[I] was in a [resuscitation] unit in London as a lady was brought in; [she was] in a terrible state but had the presence of mind and the capability to bring in her discharge notes from the previous visit. She had provided her own interoperability; and as a result of that, the treatment she was given was completely different from the treatment she would have been given had she not been conscious and able to do that. Thank heavens that she had the ability and presence of mind to do that, but that shouldn’t be the system.
Almost exactly a year ago my wife started chemotherapy for breast cancer. She’s treated in four separate places; and none of those places’ systems speak to each other, so she carries around a folder wherever she goes, with all the scans, all the letters and all the information she needs – so she’s providing her own interoperability. And that’s a crazy way of doing it.
How can NHSX help?
I’m really keen that NHSX should be focused on [the questions of] what are the real world outcomes that we’re trying to achieve? What’s the difference we’re trying to make? I’ve set five missions [which] I hope will drive everything that we do:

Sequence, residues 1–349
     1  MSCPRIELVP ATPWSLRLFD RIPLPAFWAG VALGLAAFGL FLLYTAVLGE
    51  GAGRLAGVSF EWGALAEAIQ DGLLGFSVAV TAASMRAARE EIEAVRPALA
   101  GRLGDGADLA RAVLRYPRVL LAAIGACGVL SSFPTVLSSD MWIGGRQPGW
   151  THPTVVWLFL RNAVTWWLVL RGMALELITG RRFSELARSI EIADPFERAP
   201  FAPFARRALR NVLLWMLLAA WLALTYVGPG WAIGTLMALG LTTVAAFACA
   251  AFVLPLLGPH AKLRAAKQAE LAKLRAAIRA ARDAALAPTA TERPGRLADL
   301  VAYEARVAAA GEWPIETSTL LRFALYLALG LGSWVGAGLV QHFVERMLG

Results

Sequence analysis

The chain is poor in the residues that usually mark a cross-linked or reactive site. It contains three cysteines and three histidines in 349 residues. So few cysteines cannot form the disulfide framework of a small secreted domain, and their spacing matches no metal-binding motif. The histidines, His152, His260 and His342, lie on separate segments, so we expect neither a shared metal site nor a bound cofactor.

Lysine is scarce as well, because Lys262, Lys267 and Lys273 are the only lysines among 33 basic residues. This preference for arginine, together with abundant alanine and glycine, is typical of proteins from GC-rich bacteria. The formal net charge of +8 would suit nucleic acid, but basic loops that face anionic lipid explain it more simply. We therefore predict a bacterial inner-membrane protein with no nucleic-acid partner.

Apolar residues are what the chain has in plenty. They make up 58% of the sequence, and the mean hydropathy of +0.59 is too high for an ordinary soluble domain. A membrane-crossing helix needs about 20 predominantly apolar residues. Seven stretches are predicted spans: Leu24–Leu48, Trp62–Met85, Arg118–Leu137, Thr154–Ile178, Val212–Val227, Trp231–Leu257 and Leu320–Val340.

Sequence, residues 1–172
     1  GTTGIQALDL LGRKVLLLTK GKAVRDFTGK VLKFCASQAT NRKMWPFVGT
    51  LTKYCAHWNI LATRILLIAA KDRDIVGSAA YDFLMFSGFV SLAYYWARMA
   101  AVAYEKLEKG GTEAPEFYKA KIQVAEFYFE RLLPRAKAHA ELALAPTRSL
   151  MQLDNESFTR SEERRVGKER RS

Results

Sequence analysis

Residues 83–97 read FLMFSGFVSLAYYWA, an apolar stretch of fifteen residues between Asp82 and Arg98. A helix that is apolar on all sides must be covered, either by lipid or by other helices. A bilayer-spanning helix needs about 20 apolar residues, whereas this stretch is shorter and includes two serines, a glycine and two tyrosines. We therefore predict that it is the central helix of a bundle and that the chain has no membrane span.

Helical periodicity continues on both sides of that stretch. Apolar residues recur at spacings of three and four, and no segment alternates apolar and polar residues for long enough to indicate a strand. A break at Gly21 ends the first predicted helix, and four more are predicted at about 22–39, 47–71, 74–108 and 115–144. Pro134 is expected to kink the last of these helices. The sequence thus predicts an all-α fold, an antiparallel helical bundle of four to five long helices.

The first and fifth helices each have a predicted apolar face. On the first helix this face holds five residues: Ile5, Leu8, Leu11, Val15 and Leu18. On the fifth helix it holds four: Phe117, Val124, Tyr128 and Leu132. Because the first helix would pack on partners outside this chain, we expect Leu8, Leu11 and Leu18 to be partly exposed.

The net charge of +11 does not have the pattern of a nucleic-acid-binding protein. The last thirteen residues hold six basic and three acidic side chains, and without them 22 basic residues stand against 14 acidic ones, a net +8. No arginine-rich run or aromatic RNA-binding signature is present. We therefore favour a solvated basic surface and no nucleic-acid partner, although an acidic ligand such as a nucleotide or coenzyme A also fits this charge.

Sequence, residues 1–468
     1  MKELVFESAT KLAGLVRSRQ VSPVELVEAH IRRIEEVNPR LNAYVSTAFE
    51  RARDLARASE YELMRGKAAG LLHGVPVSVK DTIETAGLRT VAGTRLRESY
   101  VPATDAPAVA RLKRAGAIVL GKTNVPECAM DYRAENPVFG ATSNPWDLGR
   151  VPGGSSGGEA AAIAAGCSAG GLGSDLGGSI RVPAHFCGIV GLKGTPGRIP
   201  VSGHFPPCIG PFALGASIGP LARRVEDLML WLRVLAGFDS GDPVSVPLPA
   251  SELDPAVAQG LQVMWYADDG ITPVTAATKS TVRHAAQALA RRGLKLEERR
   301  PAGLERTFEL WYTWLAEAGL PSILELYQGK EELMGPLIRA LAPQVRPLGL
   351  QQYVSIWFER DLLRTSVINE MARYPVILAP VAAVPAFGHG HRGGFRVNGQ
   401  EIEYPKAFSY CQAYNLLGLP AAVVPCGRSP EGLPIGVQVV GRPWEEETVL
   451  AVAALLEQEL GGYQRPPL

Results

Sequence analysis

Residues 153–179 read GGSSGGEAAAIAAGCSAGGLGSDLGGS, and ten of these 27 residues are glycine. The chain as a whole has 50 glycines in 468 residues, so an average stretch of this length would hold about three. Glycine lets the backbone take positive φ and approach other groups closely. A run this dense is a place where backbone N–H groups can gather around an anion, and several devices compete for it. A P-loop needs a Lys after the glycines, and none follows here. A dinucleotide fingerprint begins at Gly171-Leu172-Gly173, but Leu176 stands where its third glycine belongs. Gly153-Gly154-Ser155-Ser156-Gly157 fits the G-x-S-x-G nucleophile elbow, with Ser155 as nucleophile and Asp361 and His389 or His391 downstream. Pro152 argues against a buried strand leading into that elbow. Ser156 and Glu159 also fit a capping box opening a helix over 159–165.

• Reduce the burden on commissioners and staff across the system;
• Make sure that we put tools and services directly in the hands of patients so they can
help drive their own healthcare, so they can be real partners in this;
• Make sure that patient data can be safely accessed by clinicians where they need it across the system;
• Help improve patient safety and
• Help improve productivity.
We can’t deliver those missions on our own. This emphatically has to be a joint effort. First of all with the frontline – we don’t deliver care to patients: it’s the doctors and nurses and carers and dentists and [physiotherapists] right across the system. Our job is to help them; and all the brilliant stuff that we talk about isn’t going to happen if they don’t have the basic tools, the faith in those tools, or the level of digitalisation needed to do all these brilliant things. So, a large part of my job is going to be to make sure that we get resources to the frontline: not to grow an enormous empire at the centre, but to keep ourselves rigorously focused on the needs of the frontline. [That] needs to be a joint effort with the health tech sector.